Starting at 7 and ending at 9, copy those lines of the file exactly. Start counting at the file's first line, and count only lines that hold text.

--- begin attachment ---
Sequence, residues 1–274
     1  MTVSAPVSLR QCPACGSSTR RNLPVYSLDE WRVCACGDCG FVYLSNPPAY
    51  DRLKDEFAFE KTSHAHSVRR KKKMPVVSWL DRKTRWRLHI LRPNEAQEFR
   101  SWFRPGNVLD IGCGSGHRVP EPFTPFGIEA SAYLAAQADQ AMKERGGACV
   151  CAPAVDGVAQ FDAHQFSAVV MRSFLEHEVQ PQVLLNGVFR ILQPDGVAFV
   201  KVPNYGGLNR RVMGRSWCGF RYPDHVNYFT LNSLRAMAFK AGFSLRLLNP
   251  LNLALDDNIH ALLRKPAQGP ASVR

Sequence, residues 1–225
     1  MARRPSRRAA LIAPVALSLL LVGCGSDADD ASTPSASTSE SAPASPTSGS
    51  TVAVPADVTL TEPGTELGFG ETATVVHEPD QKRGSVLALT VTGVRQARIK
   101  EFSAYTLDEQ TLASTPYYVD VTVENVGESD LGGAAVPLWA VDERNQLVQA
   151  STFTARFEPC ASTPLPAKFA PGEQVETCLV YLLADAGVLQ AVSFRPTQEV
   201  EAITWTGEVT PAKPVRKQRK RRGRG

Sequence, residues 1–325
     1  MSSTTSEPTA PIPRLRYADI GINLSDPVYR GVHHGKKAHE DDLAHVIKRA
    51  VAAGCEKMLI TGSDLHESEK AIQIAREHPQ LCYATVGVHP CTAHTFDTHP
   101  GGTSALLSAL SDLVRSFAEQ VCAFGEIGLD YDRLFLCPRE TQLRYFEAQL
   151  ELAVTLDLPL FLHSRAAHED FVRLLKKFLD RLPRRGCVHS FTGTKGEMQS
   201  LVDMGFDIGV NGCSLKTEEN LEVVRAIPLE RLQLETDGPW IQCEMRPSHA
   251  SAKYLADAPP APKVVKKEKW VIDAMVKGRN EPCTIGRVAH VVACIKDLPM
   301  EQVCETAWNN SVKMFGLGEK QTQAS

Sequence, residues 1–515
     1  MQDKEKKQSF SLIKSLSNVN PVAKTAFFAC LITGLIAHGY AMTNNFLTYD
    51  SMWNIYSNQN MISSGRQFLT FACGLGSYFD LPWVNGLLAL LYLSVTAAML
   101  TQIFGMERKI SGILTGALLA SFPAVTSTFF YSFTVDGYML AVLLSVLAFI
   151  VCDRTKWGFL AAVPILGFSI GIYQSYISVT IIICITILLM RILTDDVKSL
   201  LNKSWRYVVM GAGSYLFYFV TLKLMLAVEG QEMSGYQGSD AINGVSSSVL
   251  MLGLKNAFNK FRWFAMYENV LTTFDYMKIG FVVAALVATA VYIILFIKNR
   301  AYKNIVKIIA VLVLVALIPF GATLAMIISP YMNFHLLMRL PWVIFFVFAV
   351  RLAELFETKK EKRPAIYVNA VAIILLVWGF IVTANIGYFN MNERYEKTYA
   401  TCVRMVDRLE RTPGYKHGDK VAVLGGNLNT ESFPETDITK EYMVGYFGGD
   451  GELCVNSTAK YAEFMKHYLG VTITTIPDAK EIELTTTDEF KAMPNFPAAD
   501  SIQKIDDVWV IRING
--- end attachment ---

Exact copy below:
   251  LNLALDDNIH ALLRKPAQGP ASVR

Sequence, residues 1–225
     1  MARRPSRRAA LIAPVALSLL LVGCGSDADD ASTPSASTSE SAPASPTSGS